Lack of Scottish build-to-rent 'set to change'
New figures have indicated that build-to-rent (BTR) in Scotland is lagging way behind the English regions, a trend that could make it much harder for Scots to find the right kind of housing.
The Scottish Property Federation (SPF) has published a report highlighting this gap, based on the figures produced in a study earlier this month by Savills on behalf of the British Property Federation.
However, it also noted that the winds of change are starting to blow and the market could soon start to catch up with other parts of the UK.
The Savills report had shown that of the 117,893 homes in the BTR cycle in 2017 - either finished last year, under construction or in the planning pipeline - only 3,365 were in Scotland.
Notwithstanding the fact that the national figures are dominated by London and the north west with 60,350 and 29,600 units respectively, the fact that Scotland is so far behind is a cause for concern, according to the SPF.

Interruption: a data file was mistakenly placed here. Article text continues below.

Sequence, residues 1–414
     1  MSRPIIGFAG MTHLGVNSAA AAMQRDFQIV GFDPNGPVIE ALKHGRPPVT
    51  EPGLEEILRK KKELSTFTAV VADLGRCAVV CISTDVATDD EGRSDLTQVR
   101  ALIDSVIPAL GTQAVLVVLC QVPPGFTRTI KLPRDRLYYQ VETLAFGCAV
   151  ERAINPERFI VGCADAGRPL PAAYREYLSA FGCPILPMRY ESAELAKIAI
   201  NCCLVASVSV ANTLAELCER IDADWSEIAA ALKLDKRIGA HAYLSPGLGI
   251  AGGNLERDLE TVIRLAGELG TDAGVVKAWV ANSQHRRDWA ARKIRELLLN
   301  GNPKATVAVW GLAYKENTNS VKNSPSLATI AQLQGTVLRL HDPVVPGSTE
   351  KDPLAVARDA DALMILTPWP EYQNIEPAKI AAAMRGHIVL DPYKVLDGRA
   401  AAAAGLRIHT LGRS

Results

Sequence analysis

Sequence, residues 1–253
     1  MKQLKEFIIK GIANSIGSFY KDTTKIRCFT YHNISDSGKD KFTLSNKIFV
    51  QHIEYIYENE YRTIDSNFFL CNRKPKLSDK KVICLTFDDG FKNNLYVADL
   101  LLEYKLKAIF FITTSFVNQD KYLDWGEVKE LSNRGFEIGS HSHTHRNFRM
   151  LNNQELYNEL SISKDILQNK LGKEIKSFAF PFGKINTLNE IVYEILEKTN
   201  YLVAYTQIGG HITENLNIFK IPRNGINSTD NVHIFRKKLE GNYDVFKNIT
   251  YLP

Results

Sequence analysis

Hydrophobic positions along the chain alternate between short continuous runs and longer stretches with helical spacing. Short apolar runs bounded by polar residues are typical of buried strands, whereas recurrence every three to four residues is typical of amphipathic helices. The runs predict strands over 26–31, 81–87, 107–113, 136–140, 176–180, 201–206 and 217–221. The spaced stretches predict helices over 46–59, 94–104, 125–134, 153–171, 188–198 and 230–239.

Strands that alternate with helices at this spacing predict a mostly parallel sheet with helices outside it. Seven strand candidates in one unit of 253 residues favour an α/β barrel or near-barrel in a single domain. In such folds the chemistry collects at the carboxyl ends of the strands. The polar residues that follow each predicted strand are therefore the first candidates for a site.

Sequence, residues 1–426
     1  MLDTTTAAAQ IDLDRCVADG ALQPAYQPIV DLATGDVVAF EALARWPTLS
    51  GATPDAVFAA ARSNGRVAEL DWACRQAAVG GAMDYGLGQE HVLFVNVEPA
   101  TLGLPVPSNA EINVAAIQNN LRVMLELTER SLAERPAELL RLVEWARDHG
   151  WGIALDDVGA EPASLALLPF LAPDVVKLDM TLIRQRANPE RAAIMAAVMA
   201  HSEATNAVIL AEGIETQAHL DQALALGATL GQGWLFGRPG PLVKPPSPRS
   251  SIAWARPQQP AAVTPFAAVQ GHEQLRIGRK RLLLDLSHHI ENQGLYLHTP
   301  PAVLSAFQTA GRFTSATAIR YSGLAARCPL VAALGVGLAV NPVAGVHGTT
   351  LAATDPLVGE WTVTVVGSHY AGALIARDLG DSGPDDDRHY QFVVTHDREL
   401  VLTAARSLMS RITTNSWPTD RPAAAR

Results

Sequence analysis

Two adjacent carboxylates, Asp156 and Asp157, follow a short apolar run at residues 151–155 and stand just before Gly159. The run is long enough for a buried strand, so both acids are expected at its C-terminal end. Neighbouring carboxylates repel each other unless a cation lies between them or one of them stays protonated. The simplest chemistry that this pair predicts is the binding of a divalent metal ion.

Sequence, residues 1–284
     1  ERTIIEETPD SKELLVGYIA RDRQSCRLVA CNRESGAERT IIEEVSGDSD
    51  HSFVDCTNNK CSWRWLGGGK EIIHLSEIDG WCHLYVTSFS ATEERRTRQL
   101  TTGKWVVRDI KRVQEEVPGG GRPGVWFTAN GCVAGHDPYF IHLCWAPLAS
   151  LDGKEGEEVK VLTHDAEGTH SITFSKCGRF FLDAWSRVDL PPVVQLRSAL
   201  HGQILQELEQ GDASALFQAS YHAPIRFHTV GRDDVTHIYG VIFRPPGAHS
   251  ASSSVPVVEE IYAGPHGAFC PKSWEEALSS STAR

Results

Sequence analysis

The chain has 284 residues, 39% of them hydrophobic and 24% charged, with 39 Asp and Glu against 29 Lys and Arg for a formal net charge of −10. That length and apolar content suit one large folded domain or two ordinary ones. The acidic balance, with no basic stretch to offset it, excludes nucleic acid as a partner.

However, SPF director David Melhuish said, the attitudes that have held back BTR development north of the border are on the wane.
He explained: "Build-to-rent has historically been characterised as simply a step up from student accommodation for millennials, but this is now changing. The sector’s growth means it can cater for a wider range of people, including families.
"These purpose-built rental properties are high-quality, often with linked amenities, sustainably constructed and well-managed intergenerational homes."
This, he said, has sparked a "significant shift in perception" that will "boost further BTR development". Glasgow is set to be a major area of growth in the sector, he stated.
Moreover, Mr Melhuish noted, there are some "important advantages" that should attract BTR investors in Scotland, such as the Rental Income Guarantee Scheme and the three per cent second homes tax for large-scale private rented sector schemes. All this, he predicted, will help the sector become a "catalyst" for growth in Scottish cities.